By Michael Gwarisa
THE National Aids Council (NAC) is engaging government and policy makers to consider taxing the informal sector in a bid to beef up the Aids Levy coffers which are reportedly dwindling.
Briefing Journalists during a Zimbabwe Lawyers for Human Rights (ZLHR) media engagement meeting in the capital, NAC’s National Advocacy Coordinator Trust Govera said AIDS levy collections fell in 2016 and measures were currently underway to increase domestic financing for HIV related programs and taxing the informal sector was one of them.
“Government is in the process of regularizing the informal sector, so we will be taken on board when the infomal sector is being regularised. We can not go alone as NAC to tax them alone but once the informal sector but we are still pushing in trying to ensure we achieve that.
“As your are aware, the mining sector at some point was not contributing towards the AIDS levy but through various engagements, they are now contributing. We intend to increase domestic financing of HIV/AIDS to 30 percent by 2018, Zimbabwe yes it has its own domestic funding which is the AIDS levy which is a good practice which other countries are seeing to adopt but we still have external funding from Global Fund and other partners.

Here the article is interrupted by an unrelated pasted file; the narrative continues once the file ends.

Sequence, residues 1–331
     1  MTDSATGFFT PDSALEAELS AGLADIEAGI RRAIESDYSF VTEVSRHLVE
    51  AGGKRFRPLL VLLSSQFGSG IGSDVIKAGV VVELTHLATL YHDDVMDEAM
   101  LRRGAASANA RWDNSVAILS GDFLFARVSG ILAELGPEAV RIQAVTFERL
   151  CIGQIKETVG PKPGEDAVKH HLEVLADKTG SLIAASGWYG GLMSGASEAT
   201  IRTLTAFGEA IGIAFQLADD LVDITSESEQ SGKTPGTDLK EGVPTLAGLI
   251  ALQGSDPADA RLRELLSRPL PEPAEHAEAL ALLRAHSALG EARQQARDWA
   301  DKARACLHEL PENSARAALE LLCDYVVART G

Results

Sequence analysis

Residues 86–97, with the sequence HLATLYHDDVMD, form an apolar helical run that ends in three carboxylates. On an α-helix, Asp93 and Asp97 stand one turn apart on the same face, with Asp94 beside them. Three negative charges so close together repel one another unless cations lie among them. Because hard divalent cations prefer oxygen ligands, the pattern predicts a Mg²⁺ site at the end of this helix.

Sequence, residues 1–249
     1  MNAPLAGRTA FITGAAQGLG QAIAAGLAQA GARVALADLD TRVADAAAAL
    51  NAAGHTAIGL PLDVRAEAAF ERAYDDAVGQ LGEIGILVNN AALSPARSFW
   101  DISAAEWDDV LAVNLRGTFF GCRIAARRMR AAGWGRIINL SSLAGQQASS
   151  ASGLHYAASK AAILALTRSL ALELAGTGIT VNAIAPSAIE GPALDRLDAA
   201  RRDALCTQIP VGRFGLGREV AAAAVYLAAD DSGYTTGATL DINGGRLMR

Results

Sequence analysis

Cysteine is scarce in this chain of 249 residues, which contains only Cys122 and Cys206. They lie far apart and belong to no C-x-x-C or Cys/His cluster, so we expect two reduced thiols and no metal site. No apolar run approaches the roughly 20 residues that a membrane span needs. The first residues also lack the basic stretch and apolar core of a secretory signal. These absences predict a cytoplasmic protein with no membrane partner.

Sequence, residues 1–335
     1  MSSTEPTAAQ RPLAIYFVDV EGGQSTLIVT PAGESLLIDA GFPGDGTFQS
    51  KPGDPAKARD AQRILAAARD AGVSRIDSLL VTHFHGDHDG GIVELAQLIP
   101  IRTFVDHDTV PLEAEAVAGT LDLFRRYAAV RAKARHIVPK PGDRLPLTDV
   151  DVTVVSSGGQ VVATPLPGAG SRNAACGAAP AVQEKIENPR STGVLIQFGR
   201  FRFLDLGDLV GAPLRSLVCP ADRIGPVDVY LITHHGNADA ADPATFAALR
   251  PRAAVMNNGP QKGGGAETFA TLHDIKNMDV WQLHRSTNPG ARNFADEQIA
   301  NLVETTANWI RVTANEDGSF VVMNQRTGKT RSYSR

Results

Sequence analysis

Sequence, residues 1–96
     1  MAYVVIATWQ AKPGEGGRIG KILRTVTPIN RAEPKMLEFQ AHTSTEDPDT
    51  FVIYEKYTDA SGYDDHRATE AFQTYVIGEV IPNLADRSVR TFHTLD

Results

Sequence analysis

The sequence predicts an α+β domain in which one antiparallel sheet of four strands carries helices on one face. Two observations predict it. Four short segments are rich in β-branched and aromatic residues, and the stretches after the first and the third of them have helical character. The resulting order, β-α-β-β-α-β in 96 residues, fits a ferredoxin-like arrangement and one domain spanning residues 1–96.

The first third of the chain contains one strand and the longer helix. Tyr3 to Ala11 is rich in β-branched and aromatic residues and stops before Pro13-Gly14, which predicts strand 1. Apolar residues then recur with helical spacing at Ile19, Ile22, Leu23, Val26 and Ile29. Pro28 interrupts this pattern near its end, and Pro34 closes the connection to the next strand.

Govera added that they intend to fund at least 30 percent of all HIV interventions in Zimbabwe be it ART or prevention by 2030.
“We should be able to fund 30 percent of all interventions by 2030 that we will not face a threat when donors want to exit or withdraw their funding. Right now, the AIDS levy is funding approximately 24 percent of the ARVs which we have in Zimbabwe, the other part is taken care of by Global fund and other partners which is not a healthy situation.
“So now and then we engage policy makers so that they increase funding, we have other strategies that we have, i know it will be difficult for policy makers to say we want to increase the percentage of the tax, it wont sail easily.”
According to NAC, in 2009, 5 percent was collected towards the AIDS levy, in 2010 20.5 percent, 2011 it was 26,5 percent, in 2012, it was 32,5 percent, in 2016 it was 30 percent.